Two steel hoppers supported by counterweights and springs, which were used to weigh incoming grain loads before being deposited in the silos beneath this floor. Garner is another way to say “big measuring tank”, if you were wondering. I fell in love with all the tubes and chutes on this floor.
Shuttered windows on the side of one of the collapsing bonded warehouses.
A fireproof room in the basement, perhaps for ammunition storage at one time.
Blast Furnace 7 as seen from the ore yard. Imagine running up those stairs through blast furnace smoke.
A sign of where man met machine.
Since this picture was taken, the roof has totally collapsed in this area.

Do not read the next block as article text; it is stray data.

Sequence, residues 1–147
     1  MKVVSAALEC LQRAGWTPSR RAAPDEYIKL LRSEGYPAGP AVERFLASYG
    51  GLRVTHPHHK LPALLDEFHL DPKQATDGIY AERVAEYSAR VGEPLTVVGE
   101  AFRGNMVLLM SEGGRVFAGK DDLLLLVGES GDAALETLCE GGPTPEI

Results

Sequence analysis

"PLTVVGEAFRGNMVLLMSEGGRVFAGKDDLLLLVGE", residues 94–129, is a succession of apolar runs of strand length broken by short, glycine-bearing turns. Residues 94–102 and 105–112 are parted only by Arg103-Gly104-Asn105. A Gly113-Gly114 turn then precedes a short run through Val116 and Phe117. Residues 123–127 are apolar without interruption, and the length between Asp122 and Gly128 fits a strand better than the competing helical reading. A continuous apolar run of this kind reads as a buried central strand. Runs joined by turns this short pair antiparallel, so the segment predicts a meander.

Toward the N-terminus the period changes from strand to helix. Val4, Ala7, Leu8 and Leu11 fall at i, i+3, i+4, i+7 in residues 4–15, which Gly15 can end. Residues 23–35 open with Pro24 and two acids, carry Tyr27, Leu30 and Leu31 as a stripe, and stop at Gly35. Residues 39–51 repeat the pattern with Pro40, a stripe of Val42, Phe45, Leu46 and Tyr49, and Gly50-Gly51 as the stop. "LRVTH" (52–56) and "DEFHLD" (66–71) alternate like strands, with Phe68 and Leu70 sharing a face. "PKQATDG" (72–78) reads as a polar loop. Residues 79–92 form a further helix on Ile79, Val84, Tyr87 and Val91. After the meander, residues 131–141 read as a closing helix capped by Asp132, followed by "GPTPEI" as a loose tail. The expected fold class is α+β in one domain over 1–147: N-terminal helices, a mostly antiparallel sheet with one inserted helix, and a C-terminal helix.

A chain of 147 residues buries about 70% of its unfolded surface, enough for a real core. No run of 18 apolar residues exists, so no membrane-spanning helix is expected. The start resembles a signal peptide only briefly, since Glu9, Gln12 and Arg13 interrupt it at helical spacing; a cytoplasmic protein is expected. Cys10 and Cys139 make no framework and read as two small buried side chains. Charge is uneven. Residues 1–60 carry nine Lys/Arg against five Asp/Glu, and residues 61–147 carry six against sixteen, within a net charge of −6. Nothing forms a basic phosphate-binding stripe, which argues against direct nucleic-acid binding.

Taken from atop a grain train at the end of Cargill B-2, looking toward Lake Superior “I”, now part of the sample complex. This area used to have another slip, but Cargill filled it on when it built the elevator on the right.
Watching the comings and goings of doctors, nurses and new patients was a mainstay of asylum routine; one can find it easy to imagine pale faces pressed against the block glass windows, staring out at the world moving past them.
Inside this small iron clad mine is a couch and some clothes. It seems that for a short while, someone was living inside of it…